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What Is Fibreboard?

A man working on a piece of fibreboard furniture.
Melamine covered fibreboard.
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  • Written By: B. Turner
  • Edited By: Bronwyn Harris
  • Last Modified Date: 16 August 2014
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Fibreboard is a composite wood product sold in large, thin sheets. It is considered a type of hardboard, which means it is not true lumber and has no grain patterns. It is similar to other composite wood products like plywood and particleboard, but offers a higher level of density and strength, along with numerous other advantages.

This material is made from a variety of different wood products and recycled materials. It is commonly made from softwoods like pine, but may also include wood scraps, sawdust, cardboard, and paper. These materials are shredded or chipped to form small, workable pieces, then are placed into a piece of equipment known as a defibrator. The defibrator produces a high level of heat and pressure to turn the wood scraps into fine fibers. The fibers are then mixed with wax and resin and pressed into sheets to make fibreboard.

Fibreboard is often used to make furniture or cabinets. It is an excellent material for veneering, but also has a smooth surface that holds paint well. Some homeowners may use fibreboard panels in the home in place of drywall, or in any other application that calls for a hardboard wood product. This material is not recommended for use in exterior applications because it is vulnerable to moisture and humidity.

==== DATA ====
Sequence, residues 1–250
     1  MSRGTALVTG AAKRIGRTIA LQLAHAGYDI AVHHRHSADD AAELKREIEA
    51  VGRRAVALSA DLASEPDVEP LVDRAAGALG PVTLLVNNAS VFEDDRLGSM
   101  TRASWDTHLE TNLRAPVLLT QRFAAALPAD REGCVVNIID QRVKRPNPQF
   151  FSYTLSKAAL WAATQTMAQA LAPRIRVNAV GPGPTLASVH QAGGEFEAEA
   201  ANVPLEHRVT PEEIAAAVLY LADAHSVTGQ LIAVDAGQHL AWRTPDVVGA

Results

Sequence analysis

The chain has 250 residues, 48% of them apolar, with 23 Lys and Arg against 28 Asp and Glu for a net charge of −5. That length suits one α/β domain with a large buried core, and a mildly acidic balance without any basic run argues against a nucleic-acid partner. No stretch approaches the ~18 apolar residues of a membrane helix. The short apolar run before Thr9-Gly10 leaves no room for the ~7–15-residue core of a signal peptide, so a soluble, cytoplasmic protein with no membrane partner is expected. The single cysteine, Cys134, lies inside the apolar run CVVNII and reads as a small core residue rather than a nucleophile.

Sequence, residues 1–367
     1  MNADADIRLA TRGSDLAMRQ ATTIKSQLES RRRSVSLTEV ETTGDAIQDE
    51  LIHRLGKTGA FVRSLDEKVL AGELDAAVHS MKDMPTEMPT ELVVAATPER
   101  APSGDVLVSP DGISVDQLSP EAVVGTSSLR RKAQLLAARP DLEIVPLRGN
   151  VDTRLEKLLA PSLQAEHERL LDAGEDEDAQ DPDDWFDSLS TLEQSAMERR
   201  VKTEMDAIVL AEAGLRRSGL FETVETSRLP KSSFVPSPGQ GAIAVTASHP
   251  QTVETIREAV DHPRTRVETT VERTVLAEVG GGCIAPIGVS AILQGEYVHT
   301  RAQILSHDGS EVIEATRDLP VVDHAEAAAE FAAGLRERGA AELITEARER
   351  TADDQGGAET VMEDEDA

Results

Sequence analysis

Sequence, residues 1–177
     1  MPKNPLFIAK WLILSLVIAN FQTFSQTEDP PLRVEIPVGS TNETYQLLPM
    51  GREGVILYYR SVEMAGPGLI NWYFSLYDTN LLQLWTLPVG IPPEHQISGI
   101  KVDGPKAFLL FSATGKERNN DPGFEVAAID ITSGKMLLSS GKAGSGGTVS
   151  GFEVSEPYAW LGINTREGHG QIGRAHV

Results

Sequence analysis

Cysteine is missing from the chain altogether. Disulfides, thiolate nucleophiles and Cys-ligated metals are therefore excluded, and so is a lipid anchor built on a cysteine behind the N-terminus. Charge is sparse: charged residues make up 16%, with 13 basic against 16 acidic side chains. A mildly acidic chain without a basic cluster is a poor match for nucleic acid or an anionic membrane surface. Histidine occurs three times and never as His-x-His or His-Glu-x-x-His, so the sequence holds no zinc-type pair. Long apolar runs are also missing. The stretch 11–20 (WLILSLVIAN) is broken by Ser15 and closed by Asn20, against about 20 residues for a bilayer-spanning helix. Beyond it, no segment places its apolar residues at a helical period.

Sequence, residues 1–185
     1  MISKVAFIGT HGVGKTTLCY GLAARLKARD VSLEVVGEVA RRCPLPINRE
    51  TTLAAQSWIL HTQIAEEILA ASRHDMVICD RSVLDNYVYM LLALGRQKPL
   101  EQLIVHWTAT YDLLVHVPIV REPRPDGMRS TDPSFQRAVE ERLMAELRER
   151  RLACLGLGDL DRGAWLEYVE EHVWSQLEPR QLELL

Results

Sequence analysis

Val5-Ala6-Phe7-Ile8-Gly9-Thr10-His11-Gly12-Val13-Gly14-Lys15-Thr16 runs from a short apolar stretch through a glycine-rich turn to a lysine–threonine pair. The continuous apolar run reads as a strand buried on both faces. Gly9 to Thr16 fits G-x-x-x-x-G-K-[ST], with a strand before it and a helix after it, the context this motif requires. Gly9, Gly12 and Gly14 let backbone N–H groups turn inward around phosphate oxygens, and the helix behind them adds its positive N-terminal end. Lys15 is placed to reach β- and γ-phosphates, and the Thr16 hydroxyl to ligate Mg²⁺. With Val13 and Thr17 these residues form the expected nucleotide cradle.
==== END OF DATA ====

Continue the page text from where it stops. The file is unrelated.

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Builders will find several different varieties to choose from. This product is available in low, medium, or high density varieties, though medium-density fibreboard (MDF) is the most widely used. Low-density fibreboard (LDF) is used in applications where weight is an issue, while high-density versions offer enhanced strength and durability. Some units may be green in color, which indicates that they have been treated to resist moisture and mildew. Others are red or pink, which means they are designed to withstand fire and high-temperatures.

The primary benefit to this product is its smooth and consistent finish. Unlike plywood, fibreboard does not have a visible texture that can show through paint. It is also flexible, allowing it to be bent to create curves and other unique shapes and objects. Because it is made from wood scraps and recycled materials, fibreboard is also considered to be a green or eco-friendly material.

Fibreboard also has a number of potential drawbacks that should be considered. It is much denser and heavier than other composite sheet lumber, which could pose a problem in terms of weight. It is also highly susceptible to water and moisture penetration, which can cause it to swell or warp. Some fibreboard is joined using resins that contain urea-formaldehydes (UFs). These UF gases escape into the air over time and can cause poor air quality within the home.

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anon158323
Post 1

can fibreboard make inner sole slippers?

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